Sky News is gearing up with what it says will be one of the biggest overseas operations in its history.
US correspondent Michelle Clifford has been following the final days of the Obama campaign and will end up in the Illinois Senator’s camp on election night.
Robert Nisbet has been following McCain and his running mate Sarah Palin and will end in Arizona for McCain’s election night stakeout.
The election night will be anchored by Jeremy Thompson in New York, and coverage will come live from Obama headquarters in Illinois and the McCain headquarters in Arizona, with Sky’s Andrew Wilson hosting an election night barbecue in the “Sky News White House” in Miami. The private home has been kitted with 14 cameras for the duration of the election week and will host 150 guests including political and economic experts and grass roots voters from across the US.
Anna Botting will be tracking voters through a polling station in San Francisco and in Washington Adam Boulton will be offering analysis. In Sky’s results centre, Martin Stanford will keep viewers up-to-date with each poll and developing story.
The broadcaster’s online offering at Skynews.com has a dedicated election page with an interactive map allowing users to follow the results as they come in on election night. .
Five News’s chief correspondent, Jonathan Samuels, has been reporting from different locations across the United States during the past week.
Matt Barbet will host the lunchtime and both evening news programmes live from Washington on Tuesday 4 and Wednesday 5 November.
Political editor Andy Bell will be offering the latest polls and predictions, and at the end of his journey travelling around America Samuels will also be live with the latest from the final stages of the campaigns.
All correspondents sent out to the US have been blogging on Five’s website.
BBC News has sent 125 people including technical staff and will also be using its US team to provide nearly 150 hours of coverage across BBC One, BBC World, the BBC News Channel, BBC America, World Service Radio, Radio 4, Five Live and local radio.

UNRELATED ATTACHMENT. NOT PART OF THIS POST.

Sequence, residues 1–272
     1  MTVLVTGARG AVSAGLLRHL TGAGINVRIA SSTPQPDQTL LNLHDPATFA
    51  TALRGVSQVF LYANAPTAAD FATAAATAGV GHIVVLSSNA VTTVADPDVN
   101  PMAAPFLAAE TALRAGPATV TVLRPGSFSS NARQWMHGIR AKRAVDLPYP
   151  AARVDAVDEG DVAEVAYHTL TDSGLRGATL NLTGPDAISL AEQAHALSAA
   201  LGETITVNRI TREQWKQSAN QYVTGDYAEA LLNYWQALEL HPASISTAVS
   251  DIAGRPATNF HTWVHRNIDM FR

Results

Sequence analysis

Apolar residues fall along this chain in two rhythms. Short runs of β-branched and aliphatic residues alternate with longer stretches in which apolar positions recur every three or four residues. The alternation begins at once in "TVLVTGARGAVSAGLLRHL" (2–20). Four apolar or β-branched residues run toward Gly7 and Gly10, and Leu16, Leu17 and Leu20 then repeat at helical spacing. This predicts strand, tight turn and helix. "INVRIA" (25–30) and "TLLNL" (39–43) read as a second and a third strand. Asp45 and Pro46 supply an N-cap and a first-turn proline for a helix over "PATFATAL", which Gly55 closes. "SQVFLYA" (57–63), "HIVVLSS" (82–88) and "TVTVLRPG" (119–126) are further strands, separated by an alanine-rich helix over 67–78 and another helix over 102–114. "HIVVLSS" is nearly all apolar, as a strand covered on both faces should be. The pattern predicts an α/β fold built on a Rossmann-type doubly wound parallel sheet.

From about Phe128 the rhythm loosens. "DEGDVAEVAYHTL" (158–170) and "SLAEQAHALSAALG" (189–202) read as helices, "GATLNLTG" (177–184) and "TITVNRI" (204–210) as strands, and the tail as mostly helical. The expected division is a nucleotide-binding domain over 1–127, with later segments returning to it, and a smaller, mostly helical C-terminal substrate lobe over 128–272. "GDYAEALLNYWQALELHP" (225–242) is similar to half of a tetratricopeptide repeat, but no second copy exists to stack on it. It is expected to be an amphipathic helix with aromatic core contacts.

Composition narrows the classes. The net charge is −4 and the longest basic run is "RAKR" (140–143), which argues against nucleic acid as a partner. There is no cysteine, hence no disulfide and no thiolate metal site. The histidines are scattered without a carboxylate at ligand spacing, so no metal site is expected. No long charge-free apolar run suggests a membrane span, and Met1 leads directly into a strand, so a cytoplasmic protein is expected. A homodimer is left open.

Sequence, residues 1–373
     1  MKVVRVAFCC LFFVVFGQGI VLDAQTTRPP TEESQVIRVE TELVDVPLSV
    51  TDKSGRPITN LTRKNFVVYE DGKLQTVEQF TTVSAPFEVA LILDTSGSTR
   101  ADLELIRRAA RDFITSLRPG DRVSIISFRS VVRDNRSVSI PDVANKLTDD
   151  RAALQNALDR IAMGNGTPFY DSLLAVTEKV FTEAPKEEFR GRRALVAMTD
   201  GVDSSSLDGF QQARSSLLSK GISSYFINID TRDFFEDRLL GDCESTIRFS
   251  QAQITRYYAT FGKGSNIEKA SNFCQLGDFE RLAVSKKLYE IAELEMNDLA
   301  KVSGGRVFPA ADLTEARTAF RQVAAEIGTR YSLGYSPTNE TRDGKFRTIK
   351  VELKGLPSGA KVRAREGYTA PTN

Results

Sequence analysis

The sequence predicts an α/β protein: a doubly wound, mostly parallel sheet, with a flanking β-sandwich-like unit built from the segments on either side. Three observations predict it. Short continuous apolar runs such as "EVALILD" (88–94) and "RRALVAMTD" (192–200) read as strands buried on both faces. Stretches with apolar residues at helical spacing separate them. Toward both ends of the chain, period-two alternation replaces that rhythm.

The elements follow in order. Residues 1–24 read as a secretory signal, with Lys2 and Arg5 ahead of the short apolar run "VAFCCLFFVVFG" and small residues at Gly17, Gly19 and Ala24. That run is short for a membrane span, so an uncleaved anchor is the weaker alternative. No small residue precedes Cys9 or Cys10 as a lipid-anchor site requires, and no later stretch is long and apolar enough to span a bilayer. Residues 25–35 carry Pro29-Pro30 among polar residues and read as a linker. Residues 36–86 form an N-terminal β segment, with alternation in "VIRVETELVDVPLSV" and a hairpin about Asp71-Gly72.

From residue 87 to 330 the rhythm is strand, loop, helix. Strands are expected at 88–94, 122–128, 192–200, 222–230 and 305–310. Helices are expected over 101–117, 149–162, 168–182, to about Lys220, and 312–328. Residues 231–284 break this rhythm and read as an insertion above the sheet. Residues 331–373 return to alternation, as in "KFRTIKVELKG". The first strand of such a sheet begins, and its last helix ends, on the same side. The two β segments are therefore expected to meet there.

Most staff will be working for more than one area of output and a BBC spokesman said that the ‘deployment has been heavily coordinated and scrutinised to ensure efficiency and value for money”.
David Dimbleby will be anchoring coverage for the BBC, and will be hosting a six-hour live broadcast from 11.15pm tomorrow to air across BBC1, BBC News 24 and BBC World and also streaming on bbc.co.uk.
Jeremy Vine will be analysing the figures as they come in, using graphics to show who is winning the race.
The BBC’s Washington correspondetn Matt Frei will be offering his insight and reporters Katty Kay and Phillippa Thomas will be bringing the latest from key states in the US.
John Simpson will be in New York, covering the reaction of the black community.
Laura Kuenssberg will also be in New York, in the BBC’s Times Square studio with a team exploring reaction on blogs.
Kuenssberg will then jet to Washington and Andrew Neil to New York for the Daily Politics on BBC Two on Wednesday 5 and Thursday 6 November.
Online, the BBC will be offering a full results service showing maps of results as they happen.
BBC North America editor Justin Webb will be blogging throughout.
On the radio, BBC Radio 5 Live will present a US Election special running from 11.00pm to 5.30am (GMT) and Jim Naughtie and Shaun Ley will anchor BBC Radio 4’s Election Night special from the BBC’s HQ in Washington.
ITN, which provides news for Channel 4 and ITV, has also sent out a number of big-name presenters.
Sir Trevor McDonald, who in the run-up to election night has been spending time in small towns in America, will be hosting News at Ten for ITV from Washington DC, and Mark Austin will present the ITV Evening News from the US.
ITV will also have a live results show starting at midnight on Tuesday, which will be presented by Alastair Stewart in the studio in London and Julie Etchingam in New York.